They were covered, they were removed from consideration for another year. But the next year he had to do it again, the next year he had to do it again, the next year he had to do it again. And what we really learned as we go on from the old covenant to the new covenant, learn more about it, we realized that God in mercy was basically looking at that as an act of credit.

He was saying, I'll go ahead and give you credit for what hasn't happened yet and what needed to happen. Jesus needed to come. Jesus needed to take upon him a human nature. Jesus needed to die on the cross and become the sacrifice that really could take away that. Jesus had to come and provide the atonement that really satisfied a holy and righteous God, a perfect atonement, a perfect sacrifice.

He had to come. And so believing saints in the Old Testament, and there were true believers, had their sins passed by on credit until Christ came and then it was fulfilled. When Jesus said it is finished, he meant it's finished for all the believers before me and all the believers who will come after me. So the Old Testament high priest could only offer symbols of propitiation. He wasn't really able to propitiate, but Jesus could offer the one effectual atoning sacrifice. For either the sinner must die for his own sins or a qualified substitute must take his place. And there's only one who is qualified to do it. It is the sinless man, Christ Jesus. It had to be another human being to substitute for human beings, but it had to be a sinless human being who had no sin of his own that needed to be dealt with.

And there's only one who qualified in that regard. And the interesting thing is when we think about Jesus, a priest, and especially a high priest, that in his work he became amazingly both sacrifice and sacrificer. The Old Testament priests took the animals that were brought to them by the worshipers or the ones that were appointed for the daily sacrifices. They took those animals and they offered them upon the altar. The priest was not the sacrifice. The priest was the sacrificer. The animals were the sacrifice, but again, only symbols, only symbols.

They couldn't really do the work that needed to be done. But when Jesus came, he became both sacrifice and sacrificer because, again, there was no other sacrifice that would suffice. It had to be a perfect sacrifice. It had to be a perfect sinless man to substitute for sinful men and women. And in order to be acceptable to God, it had to be offered by a perfect high priest who could really mediate between God and men.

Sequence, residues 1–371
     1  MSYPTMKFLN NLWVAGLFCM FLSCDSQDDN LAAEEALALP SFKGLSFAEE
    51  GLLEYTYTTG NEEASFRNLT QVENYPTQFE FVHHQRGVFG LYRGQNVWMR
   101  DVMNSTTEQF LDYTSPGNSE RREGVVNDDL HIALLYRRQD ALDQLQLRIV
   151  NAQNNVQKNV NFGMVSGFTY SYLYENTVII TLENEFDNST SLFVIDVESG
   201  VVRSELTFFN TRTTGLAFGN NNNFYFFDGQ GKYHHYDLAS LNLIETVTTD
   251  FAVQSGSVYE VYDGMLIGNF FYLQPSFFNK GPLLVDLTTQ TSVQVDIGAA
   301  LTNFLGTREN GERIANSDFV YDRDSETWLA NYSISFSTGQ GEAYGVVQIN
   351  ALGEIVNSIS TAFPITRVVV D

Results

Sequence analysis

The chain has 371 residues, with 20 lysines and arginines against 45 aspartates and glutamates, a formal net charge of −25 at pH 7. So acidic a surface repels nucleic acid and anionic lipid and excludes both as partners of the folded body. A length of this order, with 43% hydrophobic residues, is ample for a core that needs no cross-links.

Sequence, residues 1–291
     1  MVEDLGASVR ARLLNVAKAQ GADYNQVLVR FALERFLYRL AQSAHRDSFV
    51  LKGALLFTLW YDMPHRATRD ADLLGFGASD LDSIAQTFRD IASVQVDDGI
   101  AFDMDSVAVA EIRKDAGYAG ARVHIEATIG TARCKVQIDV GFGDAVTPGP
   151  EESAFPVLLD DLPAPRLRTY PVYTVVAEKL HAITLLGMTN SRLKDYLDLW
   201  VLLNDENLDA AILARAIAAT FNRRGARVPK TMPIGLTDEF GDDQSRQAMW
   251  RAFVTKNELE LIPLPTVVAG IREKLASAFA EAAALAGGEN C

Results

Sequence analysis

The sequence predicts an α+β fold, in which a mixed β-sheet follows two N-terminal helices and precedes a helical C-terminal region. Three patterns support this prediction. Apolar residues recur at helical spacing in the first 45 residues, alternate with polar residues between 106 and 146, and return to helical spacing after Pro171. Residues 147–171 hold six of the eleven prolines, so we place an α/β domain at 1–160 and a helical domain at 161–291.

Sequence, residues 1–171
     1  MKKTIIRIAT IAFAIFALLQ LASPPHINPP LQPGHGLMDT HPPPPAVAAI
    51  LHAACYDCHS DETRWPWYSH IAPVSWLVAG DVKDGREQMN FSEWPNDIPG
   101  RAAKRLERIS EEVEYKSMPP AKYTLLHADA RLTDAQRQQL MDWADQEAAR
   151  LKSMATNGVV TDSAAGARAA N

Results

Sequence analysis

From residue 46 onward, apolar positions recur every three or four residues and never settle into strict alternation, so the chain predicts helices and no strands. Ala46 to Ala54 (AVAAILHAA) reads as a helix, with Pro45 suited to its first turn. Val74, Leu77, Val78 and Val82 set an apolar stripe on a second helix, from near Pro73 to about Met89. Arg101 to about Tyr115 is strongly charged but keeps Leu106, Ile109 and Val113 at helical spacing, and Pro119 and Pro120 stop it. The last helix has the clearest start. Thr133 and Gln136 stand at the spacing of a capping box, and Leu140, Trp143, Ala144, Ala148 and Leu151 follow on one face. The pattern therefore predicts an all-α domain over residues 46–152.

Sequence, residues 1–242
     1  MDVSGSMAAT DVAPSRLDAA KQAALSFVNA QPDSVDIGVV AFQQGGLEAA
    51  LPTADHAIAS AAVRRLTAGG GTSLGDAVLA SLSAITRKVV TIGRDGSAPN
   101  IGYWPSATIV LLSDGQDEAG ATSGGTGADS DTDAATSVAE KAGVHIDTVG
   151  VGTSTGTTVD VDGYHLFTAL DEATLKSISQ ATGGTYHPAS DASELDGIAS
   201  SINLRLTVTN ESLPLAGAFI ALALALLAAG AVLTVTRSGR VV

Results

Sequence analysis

There's only one mediator we know between God and men, the man Christ Jesus. So Jesus became both sacrifice and sacrificer. That's why we sing in stanza three, his robes for mine, God's justice is appeased. Jesus is crushed and thus the fathers pleased. Christ drank God's wrath on sin, then cried, tis done, sins wages paid, propitiation won. And that's also why we sing, Jesus our great high priest offered himself and died.

That's been running through my mind for the last two or three weeks. And for the life of me, I couldn't think of the name of the head and located the hymnal. What is that hymn? Jesus our great high priest offered himself and died.

But when you figure it out, let me know. I spent time looking through the index and trying to locate that hymn. That one phrase kept running through my mind and I couldn't come up with the hymn.

So we move on. So that's number two, why Jesus, why God became man. Number one, to rescue the seed of Abraham. Number two, to become a faithful high priest. But number three, to become a merciful high priest. Now verse 18, for in that he himself has suffered being tempted, he is able to aid those who are tempted. He became a man in order to become a merciful high priest.

In order to suffer like we suffer. He acquired a human nature to experience the human condition. He endured the experiences and trials of humanity. We like he, or he like we I guess I should say, experienced growth and development from actually just the initial seed deposited in his mother's womb until he was born and then continued to grow and develop outside the womb. He went through all of that. He like we was taught by others.

Imagine that, the omniscient God of the universe who knows everything perfectly in his humanity. He went through what we go through. He had to learn his ABCs, his alpha, beta, gammas or whatever else he was learning. He loved as we love. He was astonished and surprised as we are often astonished and surprised. He grieved over pain and over the death of his loved ones as when he wept at the tomb of Lazarus. He exercised faith in God and in his word as we must exercise faith likewise.

He studied the scriptures. He prayed. He wept. He was hungry. He was thirsty.

He was weary, tired. He experienced all of the things that human beings experience in this world so that he could become a merciful high priest. He endured the temptations of humanity. We know about his great temptation in the wilderness by the devil and we read that when that period was over the devil left him for a while for a more opportune time.

Now the Bible doesn't describe the other times but what we gather is that the devil was constantly tempting Jesus throughout his lifetime. He was tempted again and again and again and again and again but never sinned, never fell, never failed in the face of such temptation. He was tempted in the wilderness to put physical desires above spiritual desires. Have you ever been tempted to do that? Of course you have, to put physical desires ahead of spiritual ones. In the wilderness he was tempted to expect God to rescue him from his own folly.

Throw yourself off the temple. He's promised his angels will catch you, bear you up lest you dash your foot upon a stone and Jesus said it is written thou shalt not tempt the Lord thy God. Have you ever expected God to rescue you out of your own sinful folly? Why should he?